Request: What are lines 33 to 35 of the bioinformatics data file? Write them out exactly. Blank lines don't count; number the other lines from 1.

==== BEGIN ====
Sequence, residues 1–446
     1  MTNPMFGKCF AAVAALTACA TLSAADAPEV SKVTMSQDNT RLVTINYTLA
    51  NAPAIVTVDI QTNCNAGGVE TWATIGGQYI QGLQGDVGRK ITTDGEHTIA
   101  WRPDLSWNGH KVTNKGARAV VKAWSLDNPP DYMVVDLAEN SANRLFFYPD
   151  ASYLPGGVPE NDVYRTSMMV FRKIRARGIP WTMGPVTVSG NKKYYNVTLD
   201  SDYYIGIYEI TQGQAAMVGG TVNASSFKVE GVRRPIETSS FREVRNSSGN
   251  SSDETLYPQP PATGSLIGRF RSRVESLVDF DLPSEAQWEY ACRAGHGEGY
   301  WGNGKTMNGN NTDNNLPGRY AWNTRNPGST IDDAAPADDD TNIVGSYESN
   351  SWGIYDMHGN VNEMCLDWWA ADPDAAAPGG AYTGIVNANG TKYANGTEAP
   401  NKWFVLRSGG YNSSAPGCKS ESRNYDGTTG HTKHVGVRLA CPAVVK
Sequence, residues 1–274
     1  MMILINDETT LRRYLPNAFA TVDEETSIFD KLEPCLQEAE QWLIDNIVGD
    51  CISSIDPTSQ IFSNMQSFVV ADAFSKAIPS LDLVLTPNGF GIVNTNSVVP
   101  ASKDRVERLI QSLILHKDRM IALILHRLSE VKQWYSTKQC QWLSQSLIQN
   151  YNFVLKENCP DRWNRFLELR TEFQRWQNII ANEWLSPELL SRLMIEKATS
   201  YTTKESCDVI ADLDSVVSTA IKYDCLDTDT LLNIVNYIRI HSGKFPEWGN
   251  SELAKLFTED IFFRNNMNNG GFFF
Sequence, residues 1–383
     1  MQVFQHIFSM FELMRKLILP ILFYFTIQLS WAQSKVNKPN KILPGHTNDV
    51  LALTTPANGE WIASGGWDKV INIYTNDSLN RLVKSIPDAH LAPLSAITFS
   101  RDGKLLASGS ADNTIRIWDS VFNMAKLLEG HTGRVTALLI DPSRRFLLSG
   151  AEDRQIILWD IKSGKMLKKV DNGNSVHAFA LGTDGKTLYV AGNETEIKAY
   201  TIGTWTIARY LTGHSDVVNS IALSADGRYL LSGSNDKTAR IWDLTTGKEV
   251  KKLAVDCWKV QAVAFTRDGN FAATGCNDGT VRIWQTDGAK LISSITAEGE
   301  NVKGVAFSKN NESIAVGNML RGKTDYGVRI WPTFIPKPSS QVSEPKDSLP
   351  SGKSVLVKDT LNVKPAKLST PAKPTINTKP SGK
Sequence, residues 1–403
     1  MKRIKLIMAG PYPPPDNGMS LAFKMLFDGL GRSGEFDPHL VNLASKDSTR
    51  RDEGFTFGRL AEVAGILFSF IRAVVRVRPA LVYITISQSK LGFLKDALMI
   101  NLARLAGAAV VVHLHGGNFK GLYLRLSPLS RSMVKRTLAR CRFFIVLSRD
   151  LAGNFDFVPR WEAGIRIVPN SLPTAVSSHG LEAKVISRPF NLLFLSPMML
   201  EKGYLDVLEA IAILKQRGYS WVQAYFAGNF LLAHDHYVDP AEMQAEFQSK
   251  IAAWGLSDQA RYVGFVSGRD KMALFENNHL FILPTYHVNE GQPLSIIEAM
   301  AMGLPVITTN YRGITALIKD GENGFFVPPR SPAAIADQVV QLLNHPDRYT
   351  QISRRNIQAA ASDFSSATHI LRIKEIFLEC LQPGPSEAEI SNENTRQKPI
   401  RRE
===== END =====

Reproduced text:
   251  IAAWGLSDQA RYVGFVSGRD KMALFENNHL FILPTYHVNE GQPLSIIEAM
   301  AMGLPVITTN YRGITALIKD GENGFFVPPR SPAAIADQVV QLLNHPDRYT
   351  QISRRNIQAA ASDFSSATHI LRIKEIFLEC LQPGPSEAEI SNENTRQKPI